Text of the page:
The right kind of present

What child doesn’t love the gift of receiving a toy they’ve had their eyes on for weeks (a lifetime in a child’s world) and wished for at least times in their letters to Santa?!

Christmas and giving go hand-in-hand in Aotearoa, but there’s one present we can give any family member – child or adult – that is perfect and priceless…

Being present. All the presents in the world can’t beat being present. 

I know the above line sounds cheesier than the potato gratin you might serve with your turkey, but the novelty of packaged goods does wear off and as our tots and teens grow, the memories of who they played with rather than what they had will be what really shapes their future.

I’ve had a lesson in the importance of being present with my Miss Five recently. She’s fairly independent and the busy December days mean that often I’ve left her to her own devices (figuratively and literally) while I tick off my to-do list as well as tend to a toddler!

“But you’re not listening to me, Mummy.”… She is right. 

“I want you to play with me.”… I really should. 

The mum-guilt is real, but her words keep me accountable and are a gentle (if not heart-wrenching) reminder that she sees things through different eyes. Pure and simple.

Yes, we’re lucky enough to be able to afford a few physical gifts for our family this Christmas. But the one I’ll hope she’ll love the most is my promise to connect with her mindfully and more often.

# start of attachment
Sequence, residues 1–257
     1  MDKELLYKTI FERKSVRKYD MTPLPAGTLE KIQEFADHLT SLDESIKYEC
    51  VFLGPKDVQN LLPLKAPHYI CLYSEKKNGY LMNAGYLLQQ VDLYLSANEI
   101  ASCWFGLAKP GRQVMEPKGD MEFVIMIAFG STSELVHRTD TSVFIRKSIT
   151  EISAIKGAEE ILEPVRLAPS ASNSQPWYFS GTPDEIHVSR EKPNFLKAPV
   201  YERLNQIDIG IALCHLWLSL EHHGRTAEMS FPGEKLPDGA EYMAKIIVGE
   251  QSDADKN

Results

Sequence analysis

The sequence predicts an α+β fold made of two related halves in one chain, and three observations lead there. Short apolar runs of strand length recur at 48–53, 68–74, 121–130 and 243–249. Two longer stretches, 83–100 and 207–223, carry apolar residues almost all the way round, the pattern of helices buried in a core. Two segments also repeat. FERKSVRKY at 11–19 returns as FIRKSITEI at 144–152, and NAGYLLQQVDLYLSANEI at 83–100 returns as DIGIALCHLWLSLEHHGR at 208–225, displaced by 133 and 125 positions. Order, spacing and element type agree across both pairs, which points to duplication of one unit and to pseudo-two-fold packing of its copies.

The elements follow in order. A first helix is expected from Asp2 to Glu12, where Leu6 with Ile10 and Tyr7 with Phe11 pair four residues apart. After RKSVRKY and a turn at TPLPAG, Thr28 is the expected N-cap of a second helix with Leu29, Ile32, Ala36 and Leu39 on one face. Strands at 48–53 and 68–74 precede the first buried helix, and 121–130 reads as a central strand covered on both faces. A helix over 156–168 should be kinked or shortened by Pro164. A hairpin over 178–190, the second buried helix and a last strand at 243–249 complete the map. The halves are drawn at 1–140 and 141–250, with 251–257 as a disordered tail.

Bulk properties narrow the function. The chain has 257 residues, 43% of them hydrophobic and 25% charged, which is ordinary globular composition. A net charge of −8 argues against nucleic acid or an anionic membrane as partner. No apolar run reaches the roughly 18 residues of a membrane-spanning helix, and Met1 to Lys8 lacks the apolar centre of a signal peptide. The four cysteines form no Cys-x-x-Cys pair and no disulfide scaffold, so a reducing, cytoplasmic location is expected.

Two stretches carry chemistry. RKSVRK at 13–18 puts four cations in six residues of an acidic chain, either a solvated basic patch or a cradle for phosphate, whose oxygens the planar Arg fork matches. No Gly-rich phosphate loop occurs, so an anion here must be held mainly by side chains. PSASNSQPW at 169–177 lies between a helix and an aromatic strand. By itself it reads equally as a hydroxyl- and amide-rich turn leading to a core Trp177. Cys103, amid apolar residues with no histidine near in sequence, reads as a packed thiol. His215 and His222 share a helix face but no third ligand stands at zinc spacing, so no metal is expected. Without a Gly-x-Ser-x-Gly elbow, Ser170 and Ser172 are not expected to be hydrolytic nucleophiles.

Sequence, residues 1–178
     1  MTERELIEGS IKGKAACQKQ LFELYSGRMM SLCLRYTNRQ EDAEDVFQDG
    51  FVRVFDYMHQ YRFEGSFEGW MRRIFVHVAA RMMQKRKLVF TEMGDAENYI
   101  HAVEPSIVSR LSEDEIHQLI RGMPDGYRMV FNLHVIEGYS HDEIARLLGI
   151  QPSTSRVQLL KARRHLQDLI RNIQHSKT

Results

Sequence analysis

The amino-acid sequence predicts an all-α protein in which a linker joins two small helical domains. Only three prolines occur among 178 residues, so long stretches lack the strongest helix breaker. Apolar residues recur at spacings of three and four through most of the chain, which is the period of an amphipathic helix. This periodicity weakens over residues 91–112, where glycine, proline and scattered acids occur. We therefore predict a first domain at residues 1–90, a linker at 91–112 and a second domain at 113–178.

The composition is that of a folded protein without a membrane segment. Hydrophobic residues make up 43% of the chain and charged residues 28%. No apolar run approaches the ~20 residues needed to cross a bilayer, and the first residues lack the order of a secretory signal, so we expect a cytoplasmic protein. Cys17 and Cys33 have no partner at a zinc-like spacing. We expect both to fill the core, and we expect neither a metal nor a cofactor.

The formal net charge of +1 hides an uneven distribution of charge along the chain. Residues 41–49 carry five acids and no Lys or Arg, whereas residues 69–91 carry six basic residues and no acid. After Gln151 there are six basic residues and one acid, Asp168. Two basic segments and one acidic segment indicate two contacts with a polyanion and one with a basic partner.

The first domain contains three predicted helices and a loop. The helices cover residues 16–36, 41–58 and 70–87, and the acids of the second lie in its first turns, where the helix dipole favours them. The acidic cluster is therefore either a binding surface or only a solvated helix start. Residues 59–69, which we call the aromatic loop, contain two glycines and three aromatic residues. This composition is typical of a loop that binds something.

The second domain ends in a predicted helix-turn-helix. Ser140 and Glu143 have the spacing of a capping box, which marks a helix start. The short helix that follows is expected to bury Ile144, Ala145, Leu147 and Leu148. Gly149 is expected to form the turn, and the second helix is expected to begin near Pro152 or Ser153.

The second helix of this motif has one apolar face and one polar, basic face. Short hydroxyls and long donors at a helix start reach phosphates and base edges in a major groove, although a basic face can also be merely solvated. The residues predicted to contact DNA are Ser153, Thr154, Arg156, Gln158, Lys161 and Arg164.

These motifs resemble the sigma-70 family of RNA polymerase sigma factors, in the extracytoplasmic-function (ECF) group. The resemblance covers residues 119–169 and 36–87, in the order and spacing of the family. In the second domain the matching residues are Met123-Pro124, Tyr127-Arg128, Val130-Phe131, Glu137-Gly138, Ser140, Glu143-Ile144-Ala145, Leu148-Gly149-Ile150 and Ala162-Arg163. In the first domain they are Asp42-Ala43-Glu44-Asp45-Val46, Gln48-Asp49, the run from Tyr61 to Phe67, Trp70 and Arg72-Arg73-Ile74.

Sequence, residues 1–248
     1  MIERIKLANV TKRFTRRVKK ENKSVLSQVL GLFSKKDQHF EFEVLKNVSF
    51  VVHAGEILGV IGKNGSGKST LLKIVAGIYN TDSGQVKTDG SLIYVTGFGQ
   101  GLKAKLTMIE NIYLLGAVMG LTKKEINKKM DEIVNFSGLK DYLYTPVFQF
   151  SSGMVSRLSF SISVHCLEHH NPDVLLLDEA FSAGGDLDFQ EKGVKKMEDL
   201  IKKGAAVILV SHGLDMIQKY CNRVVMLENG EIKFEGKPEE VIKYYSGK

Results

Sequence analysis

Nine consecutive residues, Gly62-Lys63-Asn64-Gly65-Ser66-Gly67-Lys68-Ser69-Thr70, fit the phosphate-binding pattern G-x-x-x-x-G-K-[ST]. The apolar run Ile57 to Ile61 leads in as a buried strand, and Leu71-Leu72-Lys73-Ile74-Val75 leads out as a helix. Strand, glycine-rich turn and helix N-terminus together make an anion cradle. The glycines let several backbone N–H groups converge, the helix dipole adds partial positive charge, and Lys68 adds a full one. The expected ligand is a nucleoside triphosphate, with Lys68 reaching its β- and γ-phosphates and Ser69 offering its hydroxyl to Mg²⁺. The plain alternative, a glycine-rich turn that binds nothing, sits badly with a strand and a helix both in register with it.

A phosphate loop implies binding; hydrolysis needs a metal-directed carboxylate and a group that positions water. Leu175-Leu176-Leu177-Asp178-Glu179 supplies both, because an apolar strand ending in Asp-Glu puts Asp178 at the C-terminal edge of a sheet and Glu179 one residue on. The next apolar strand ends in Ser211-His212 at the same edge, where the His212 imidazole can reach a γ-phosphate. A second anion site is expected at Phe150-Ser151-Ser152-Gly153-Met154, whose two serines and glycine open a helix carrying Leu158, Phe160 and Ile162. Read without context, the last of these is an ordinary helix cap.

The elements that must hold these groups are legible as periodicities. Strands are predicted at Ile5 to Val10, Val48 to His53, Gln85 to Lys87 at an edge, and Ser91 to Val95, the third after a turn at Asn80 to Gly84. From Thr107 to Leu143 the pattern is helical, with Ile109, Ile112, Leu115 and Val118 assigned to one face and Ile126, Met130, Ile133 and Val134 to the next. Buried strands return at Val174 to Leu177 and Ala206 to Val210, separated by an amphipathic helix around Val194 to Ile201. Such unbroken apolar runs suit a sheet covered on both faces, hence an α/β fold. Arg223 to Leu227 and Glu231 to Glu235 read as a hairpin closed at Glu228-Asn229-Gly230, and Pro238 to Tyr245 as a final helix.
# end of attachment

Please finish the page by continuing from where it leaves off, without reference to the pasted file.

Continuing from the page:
Editor,  Tots To Teens


Life, parent and leadership coach Kiran Gaind from The Connected Family suggests the following two ways to mindfully connect with our kids:

  1. Put away the screens, multitasking and other distractions and spend quality one on one time with your child, giving them all of your warmth and attention. Set a timer for anywhere between 15-60 minutes. Until that timer goes off, bathe your child in your pure attention, warmth and love. Let your child choose what he or she wants to do, and simply go with their flow, offering your observation, encouragement, warmth and love. You’ll be able to focus on them in nourishing ways, while also nourishing your own need for connection.
  2. Create more space in your schedules. Let go of relentless activity. Allow time to be, to rest, to create, to read, to connect, to be together, to be in nature, and to enjoy life. Being present means we slow down enough to actually notice moments we’re in. 
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